Are malls afraid of teenagers?
The face of the American mall has changed drastically over the past decade. In fact, many malls have remodeled and turned themselves into “Town Centers”. Which basically means that instead of being a building filled with retail stores, they are an outdoor activity hub.
When I was a teenager, the mall was the place to be. Whether you were hanging out with friends, looking for a job or just shopping, the mall was where you went. Today however, malls are becoming increasingly hostile toward teens.
Several malls in my area have adopted a “no teenager” rule that goes into effect at 5 pm. Basically, after 5 and on weekends, shoppers who are under 18 have to be accompanied by a parents or a responsible adult over 21.
To me, the anti-teen rules seem unfair and discriminatory. The malls defend their policy by saying that they want to ensure the safety of mall patrons and reduce shoplifting rates. It sound good, but all I hear is the assumption that teenagers are thieves and present a danger to the “real customers”.
The truth is, there is really no hard data that supports the idea that teenagers are more likely to shoplift than any other group. Shoplifting is a problem for retailers everywhere, no matter who their target demographic is. People from all walks of life steal – old people, rich people, poor people, kids, parents etc.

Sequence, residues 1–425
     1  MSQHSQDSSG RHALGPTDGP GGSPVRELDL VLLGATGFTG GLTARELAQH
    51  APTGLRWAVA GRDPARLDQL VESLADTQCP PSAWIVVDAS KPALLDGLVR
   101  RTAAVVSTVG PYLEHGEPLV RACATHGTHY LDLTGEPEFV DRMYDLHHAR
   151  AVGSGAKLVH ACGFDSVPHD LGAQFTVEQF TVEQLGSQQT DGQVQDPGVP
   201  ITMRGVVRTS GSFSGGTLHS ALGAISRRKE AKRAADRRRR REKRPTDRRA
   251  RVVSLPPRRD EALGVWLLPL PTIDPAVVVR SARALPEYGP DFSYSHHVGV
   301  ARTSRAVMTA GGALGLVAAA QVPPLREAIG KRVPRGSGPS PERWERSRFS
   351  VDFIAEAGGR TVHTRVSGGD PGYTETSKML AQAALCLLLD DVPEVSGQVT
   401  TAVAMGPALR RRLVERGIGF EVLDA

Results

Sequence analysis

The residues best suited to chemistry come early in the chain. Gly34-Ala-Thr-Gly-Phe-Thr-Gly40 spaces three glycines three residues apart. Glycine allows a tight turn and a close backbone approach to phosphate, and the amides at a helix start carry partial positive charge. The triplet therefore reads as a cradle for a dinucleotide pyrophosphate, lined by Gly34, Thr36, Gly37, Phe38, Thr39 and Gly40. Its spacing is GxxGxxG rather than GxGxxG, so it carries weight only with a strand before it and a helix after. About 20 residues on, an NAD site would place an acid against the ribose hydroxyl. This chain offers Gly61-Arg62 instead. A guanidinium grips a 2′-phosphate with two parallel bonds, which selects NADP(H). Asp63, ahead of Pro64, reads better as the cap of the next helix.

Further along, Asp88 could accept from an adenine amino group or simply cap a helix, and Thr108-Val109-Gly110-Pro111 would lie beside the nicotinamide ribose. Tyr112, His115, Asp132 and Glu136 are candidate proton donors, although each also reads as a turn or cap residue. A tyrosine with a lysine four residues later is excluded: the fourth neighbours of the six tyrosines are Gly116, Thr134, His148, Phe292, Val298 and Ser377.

As far as the safety of mall patrons, I don't know about you but I have never been attacked by a rogue group of teens while I was shopping. (Of course, with the exception of being nagged to death by my own teenager, which is annoying but hardly counts).
In an attempt to memorialize the malls of the past, I wanted to share this look back at the life of a mall in 1989. I hope it brings back some great memories.
Have you noticed the hostile attitude of malls toward teens? Do you think the rules are justified or discriminatory? Please share your thoughts in the comments.
By Melissa Kennedy- Melissa is a 9 year blog veteran and a freelance writer for SalesHeadsBlog and Nexxt. Along with helping others find the job of their dreams, she enjoys computer geekery, raising a teenager, supporting her local library, writing about herself in the third person and working on her next novel.